Top positive review
In the witchfinder John Sharpe, Steadman has given us a religious psychopath par excellence ...
7 July 2017
Picture it, if you will, sir: two childhoods both brutal and idyllic, the rural English Northeast and the south of Scotland in in the Seventeenth Century. The civil war an afterthought, the routine tragedies of the daily grind are detailed and laid bare. The misogyny of the accursed Christian church is given full reign with the coming puritan insurgency that would seek to ban Christmas, folk dancing, and many other things: really, what would possibly go wrong?
But enough of the silly voices. Based on fact and extensively researched, Widdershins takes us on a rollercoaster ride through the childhoods of Jane Chandler and John Sharpe in County Durham and Scotland respectively, as they hurtle through the ether toward one another on an inevitable collision course. Something must break, as they say. And break it does, in the horrifyingly climactic Newcastle witch trials of 1650, in which either fifteen or sixteen innocents were hanged until dead on a single day.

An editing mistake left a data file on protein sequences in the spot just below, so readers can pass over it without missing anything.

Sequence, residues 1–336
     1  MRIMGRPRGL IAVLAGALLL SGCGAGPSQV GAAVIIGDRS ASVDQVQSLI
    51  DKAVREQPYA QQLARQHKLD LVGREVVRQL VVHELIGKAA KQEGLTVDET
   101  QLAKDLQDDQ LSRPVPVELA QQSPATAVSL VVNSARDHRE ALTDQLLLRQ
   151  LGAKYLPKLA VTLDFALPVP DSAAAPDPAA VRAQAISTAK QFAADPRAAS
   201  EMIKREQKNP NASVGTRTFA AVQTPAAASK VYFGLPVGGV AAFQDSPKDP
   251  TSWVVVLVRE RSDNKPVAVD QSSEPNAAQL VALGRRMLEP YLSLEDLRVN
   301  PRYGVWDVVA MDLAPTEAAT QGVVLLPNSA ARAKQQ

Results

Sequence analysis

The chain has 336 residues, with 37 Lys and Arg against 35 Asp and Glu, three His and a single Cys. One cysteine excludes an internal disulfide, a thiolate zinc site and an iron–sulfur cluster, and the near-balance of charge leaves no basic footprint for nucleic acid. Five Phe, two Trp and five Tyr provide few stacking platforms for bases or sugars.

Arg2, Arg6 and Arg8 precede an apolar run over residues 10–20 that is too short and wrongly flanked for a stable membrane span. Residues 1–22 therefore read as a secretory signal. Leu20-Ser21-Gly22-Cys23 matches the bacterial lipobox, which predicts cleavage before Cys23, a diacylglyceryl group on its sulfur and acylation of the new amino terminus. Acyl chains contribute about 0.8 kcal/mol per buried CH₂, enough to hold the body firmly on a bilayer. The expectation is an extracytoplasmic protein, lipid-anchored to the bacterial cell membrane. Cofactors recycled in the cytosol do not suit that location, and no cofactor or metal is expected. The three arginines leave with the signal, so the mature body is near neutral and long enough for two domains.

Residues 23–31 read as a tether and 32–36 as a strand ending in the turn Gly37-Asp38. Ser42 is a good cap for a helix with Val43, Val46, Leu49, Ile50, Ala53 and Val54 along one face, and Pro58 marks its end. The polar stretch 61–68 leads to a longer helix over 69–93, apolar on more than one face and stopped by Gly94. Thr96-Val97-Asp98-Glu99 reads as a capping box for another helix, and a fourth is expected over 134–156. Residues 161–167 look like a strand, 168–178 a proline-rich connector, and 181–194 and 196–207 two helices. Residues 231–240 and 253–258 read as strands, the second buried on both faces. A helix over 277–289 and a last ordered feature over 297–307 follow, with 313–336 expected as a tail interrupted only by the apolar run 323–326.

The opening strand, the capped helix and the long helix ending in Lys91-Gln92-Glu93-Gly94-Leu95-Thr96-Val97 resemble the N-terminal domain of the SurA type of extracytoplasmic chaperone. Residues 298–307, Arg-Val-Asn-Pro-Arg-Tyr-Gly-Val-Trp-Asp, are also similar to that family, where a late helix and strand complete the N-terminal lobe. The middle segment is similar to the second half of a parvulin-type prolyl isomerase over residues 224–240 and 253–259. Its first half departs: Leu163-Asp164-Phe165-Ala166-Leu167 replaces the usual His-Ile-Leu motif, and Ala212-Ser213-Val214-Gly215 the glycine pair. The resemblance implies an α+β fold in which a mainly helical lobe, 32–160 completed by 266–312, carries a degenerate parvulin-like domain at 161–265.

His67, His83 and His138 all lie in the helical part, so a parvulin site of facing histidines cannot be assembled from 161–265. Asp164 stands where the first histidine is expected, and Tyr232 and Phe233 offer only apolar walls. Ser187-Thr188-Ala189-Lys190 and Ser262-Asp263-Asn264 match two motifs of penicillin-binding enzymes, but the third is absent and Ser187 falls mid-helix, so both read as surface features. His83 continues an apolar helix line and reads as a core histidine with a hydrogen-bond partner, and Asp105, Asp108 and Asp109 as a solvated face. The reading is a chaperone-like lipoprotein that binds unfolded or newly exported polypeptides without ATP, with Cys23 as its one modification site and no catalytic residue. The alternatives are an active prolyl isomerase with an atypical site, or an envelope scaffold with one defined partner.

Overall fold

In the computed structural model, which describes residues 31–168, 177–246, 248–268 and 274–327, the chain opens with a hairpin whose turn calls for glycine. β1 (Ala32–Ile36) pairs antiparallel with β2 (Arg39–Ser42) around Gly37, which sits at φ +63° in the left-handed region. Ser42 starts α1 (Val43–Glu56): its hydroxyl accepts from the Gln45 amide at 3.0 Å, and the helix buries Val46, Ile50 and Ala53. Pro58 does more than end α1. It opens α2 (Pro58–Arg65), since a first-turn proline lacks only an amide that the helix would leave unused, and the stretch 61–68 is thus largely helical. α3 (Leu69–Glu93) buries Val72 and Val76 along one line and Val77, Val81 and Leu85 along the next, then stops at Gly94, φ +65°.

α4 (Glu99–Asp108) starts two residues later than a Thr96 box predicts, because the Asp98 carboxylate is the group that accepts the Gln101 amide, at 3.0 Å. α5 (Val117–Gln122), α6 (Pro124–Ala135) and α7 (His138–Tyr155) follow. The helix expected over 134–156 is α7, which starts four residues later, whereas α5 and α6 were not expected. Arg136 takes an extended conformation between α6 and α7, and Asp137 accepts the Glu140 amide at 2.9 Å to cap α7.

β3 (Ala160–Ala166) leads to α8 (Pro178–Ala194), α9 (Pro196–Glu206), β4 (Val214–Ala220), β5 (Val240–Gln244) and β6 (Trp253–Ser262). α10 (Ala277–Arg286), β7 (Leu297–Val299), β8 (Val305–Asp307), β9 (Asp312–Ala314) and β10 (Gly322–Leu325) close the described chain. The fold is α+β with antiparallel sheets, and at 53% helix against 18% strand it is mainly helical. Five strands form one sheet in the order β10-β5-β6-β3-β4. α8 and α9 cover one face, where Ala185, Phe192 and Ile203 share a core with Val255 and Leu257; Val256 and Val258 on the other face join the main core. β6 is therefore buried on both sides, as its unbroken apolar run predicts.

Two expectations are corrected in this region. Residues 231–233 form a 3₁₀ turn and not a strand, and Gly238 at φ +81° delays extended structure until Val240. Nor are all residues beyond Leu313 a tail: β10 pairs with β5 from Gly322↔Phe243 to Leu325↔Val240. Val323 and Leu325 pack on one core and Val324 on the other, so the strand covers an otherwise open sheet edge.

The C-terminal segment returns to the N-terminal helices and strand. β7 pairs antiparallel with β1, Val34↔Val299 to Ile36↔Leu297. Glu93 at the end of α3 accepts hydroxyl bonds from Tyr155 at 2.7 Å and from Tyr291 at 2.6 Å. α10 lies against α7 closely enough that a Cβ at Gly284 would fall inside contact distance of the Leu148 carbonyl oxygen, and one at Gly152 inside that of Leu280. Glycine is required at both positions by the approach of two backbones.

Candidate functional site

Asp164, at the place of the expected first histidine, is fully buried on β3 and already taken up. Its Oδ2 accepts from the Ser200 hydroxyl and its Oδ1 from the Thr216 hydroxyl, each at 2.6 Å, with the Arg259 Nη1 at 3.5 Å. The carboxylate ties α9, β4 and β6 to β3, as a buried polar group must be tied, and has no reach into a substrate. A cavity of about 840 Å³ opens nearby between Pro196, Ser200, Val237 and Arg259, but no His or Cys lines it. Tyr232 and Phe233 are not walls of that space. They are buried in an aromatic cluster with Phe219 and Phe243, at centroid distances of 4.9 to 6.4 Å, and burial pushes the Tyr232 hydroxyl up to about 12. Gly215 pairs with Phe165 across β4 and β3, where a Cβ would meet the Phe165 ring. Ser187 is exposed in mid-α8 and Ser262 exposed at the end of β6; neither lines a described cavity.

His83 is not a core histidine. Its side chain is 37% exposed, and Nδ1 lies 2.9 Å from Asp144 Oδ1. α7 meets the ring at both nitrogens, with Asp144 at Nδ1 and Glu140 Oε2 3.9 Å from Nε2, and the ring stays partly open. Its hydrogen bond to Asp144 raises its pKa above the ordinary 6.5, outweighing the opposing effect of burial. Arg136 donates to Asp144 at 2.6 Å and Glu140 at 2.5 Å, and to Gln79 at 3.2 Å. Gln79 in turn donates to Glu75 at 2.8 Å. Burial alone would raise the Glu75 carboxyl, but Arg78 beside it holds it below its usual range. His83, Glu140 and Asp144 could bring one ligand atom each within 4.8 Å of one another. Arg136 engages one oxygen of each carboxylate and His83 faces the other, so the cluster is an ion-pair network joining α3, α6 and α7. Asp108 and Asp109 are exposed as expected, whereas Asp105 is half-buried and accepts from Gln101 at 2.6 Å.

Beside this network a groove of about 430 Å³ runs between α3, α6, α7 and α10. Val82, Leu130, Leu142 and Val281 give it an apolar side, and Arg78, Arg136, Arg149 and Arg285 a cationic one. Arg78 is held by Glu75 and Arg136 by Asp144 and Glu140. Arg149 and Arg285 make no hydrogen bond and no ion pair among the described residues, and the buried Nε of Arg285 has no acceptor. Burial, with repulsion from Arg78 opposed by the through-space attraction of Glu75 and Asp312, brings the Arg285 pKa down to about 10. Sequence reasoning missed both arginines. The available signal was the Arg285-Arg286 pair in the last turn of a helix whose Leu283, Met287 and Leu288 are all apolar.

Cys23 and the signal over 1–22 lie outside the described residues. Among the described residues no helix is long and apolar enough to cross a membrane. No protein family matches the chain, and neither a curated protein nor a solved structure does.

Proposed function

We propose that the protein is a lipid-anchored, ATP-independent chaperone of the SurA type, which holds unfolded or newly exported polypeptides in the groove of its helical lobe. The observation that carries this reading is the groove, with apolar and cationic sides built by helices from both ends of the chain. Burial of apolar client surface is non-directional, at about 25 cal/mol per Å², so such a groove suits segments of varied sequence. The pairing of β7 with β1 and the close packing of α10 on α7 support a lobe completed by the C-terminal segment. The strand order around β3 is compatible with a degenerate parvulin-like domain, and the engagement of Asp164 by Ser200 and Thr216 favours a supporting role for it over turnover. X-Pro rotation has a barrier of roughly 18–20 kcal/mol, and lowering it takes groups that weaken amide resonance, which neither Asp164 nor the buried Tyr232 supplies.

In the witchfinder John Sharpe, Steadman has given us a religious psychopath par excellence, a deeply conflicted man for whom cognitive dissonance could have been invented, filled to overflowing with impotent rage for his immaculately damaged childhood, somehow unaware of this in the days before Freud and yet aware of it too. He knows he’s a fraud, yet believes himself to be doing God’s work; and so he soldiers on, his paltry excuse for a conscience clear. Had he been born today, he’d likely be a flight to Turkey, en route for Syria: plus ça change. Jane is his polar opposite, almost a romantic heroine, but in a good way: her wealth of misfortunate experience neither warps nor breaks her, and although she adapts to the slings and arrows life throws at her in a pragmatic manner, she remains true to the end.
I am not usually much of a one for historical fiction, unless it’s about England in the 1970s – but Widdershins had me on a knife edge throughout. It’s expertly plotted and immaculately paced, with more twists and turns than Fat Larry’s pants. The characters are by turns engaging and enraging, and the whole thing really puts you there, in time and place; it’s impossible not to get emotionally caught up and then put through the wringer by the fate of the victims of these show trials, effectively the end result of the clergy subjecting themselves to such unnatural practices as celibacy, which inevitably led to a mass gynophobia, passed onto the gen pop through the medium of fiery sermons. This really is an amazing first novel, astounding and outstanding. Five stars.